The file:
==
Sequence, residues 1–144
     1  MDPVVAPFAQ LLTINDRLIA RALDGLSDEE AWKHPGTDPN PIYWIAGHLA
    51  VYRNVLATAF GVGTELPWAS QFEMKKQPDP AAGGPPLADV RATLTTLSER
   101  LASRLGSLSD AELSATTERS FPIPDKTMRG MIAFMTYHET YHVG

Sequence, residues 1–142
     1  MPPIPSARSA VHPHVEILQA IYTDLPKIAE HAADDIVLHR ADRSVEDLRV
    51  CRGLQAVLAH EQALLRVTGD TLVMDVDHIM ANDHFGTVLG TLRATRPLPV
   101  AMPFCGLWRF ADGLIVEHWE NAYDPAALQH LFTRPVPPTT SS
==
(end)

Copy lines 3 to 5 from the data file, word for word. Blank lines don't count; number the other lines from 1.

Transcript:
    51  VYRNVLATAF GVGTELPWAS QFEMKKQPDP AAGGPPLADV RATLTTLSER
   101  LASRLGSLSD AELSATTERS FPIPDKTMRG MIAFMTYHET YHVG

Sequence, residues 1–142